Anti-racism: from fixed vs. growth mindset + DEI children’s books

MarcilieEmpathy, Leadership, long term parentingLeave a Comment


I’m white and an aspiring anti-racist. 

By writing to you today, I’m using whatever social capital I have to support social justice and equity for Black Americans and all people of color. Thank you to my fellow Next Step Partners coach, Terra Winston, and many others for encouraging me (and everyone) to use my social capital in this way.

The image featured above, “Anti-Racism:  Fixed to Growth Mindset” really spoke to me because it captures both my feelings of inadequacy when it comes to being an ally, as well as my commitment to Positive Discipline which embraces:

  • having the “courage to be imperfect” (Rudolf Dreikurs, Children the Challenge
  • using encouragement to develop a “growth mindset” (Carol Dweck, Mindset)
  • mutual respect (Rudolf Dreikurs, Social Equality)
  • and contributing to society – the idea that the truest sign of good mental health is when one uses their time or talent to contribute to the greater social interest 

So, in the spirit of contribution, striving for a more equitable world, and modeling the courage to be imperfect along my own growth path, I’d like to share this resource, Justice in June, from Autumn Gupta; it’s for anyone like me who is an aspiring anti-racist.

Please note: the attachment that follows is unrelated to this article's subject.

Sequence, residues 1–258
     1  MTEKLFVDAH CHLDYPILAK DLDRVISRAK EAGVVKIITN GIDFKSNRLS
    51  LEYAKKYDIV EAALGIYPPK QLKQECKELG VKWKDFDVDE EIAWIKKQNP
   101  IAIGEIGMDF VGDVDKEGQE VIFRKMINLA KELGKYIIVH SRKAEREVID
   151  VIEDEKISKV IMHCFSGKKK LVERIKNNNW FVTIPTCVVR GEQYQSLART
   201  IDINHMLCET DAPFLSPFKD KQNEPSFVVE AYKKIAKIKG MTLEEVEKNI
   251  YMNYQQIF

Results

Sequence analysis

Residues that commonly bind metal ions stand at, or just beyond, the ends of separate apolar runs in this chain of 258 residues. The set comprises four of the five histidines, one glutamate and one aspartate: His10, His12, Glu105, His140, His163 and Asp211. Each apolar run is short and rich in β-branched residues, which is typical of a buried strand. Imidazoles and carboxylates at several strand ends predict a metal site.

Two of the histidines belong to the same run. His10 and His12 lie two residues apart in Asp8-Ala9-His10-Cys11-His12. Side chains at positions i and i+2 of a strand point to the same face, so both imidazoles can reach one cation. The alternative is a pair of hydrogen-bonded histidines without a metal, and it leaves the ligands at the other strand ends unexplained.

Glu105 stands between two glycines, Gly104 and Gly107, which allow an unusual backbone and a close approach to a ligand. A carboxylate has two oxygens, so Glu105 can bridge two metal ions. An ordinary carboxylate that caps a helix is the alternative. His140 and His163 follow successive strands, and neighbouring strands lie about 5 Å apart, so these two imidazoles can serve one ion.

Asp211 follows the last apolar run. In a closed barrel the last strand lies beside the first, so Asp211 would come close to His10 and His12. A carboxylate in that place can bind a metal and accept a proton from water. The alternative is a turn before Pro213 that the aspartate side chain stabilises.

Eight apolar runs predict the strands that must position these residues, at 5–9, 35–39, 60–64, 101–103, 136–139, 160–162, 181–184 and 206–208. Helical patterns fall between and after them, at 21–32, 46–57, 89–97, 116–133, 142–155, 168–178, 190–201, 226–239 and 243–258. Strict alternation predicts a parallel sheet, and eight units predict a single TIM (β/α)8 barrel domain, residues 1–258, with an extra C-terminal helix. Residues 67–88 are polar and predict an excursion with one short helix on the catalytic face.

Justice in June is simply a chart that articulates things you can watch, read, listen to, or do in 10, 25, or 45-minute chunks each day to learn how to be an active ally to the Black community. 

I’ve felt overwhelmed and unprepared to be the kind of ally that people of color need. Autumn’s Justice in June chart helped me to break down small steps I can take begin to shift from a “believer” into a “builder” (from Dolly Chugh’s The Person You Mean To Be).

June’s almost over, but since I just learned about this resource I’m going to make this my July calendar, too. I hope you find it useful!

P.S. Looking to diversify your library of children’s books? Please enjoy:

  1. This list of children’s books (for 0 – teens) that feature people of color or anti-racist themes (from the New York Times).
  2. This one-page list of Early Childhood Books that Support Positive Discipline Concepts & Diverse, Equitable & Inclusive Learning Communities. This list was compiled by my friend and fellow Positive Discipline Trainer, Catherine Bronnert DeSchepper.

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